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Liberia28 June 2002

A journalist accused of plotting against the President

Reporters Without Borders has expressed serious concern after the arrest of Hassan Bility, editor-in-chief of the private weekly The Analyst. "The newspaper is well known for its highly critical attitude towards President Charles Taylor, and we hope that the accusation plotting against the President is not a pretext for silencing a journalist who is virulently critical of those in power", said Robert Ménard, Secretary General of Reporters Without Borders in a letter to Liberia’s Information Minister, Reginald Goodridge. "We are concerned that this is a witch hunt against journalists who criticise government policies", he added. Reporters Without Borders called on the minister to provide proof of the accusations as soon as possible, or to free Mr Bility.

Reporters Without Borders has learned that the editor-in-chief of The Analyst, was arrested by security agents on 24 June 2002. He is accused of collaborating with the rebel group Liberians United for Reconciliation and Democracy (LURD). According to the Information Minister, Mr Bility is a "central figure of those who have been running cells in Monrovia actively collaborating with LURD terrorists as well as their supporters in the United States of America". The authorities have announced that they have seized several e-mails sent or received by the journalist which they claim prove his links with the rebel group. A spokesperson for LURD, speaking from abroad, said that Mr Bility was "not a member of LURD, not even a sympathiser", adding that he was also highly critical of LURD.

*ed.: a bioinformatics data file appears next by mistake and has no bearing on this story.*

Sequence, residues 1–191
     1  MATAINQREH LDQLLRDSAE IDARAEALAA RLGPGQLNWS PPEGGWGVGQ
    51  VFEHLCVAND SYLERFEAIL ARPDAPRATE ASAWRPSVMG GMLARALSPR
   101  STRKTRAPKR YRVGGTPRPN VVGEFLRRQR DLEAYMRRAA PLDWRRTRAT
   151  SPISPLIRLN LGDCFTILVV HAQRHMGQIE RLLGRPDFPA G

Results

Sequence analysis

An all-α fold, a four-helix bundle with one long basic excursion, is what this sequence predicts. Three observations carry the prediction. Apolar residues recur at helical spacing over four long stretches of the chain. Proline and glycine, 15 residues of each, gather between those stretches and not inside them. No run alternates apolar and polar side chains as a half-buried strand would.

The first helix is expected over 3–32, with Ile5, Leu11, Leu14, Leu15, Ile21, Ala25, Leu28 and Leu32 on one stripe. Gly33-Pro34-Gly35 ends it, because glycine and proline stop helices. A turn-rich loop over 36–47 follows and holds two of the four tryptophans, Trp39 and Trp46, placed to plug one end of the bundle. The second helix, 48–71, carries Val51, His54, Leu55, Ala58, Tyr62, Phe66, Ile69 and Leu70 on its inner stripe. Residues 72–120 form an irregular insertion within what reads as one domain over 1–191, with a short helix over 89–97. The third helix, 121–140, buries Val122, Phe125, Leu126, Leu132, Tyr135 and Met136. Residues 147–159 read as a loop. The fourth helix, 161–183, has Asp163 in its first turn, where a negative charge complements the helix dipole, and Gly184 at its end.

Hassan Bility is being held on the premises of the National Security Agency (NSA) in Monrovia. Two other people, who have not been identified, have also been arrested on the same accusations.

Reporters Without Borders also gave a reminder that, in February 2002, four journalists with The Analyst had already been held for twenty-four hours because of several articles which, according to the authorities were "not out for peace" and "poisoned the minds of the people". Also, on 26 April, the police searched the newspaper’s offices and ordered it to be closed down. The President of the Republic personally authorised its return to the newsstands a month later.



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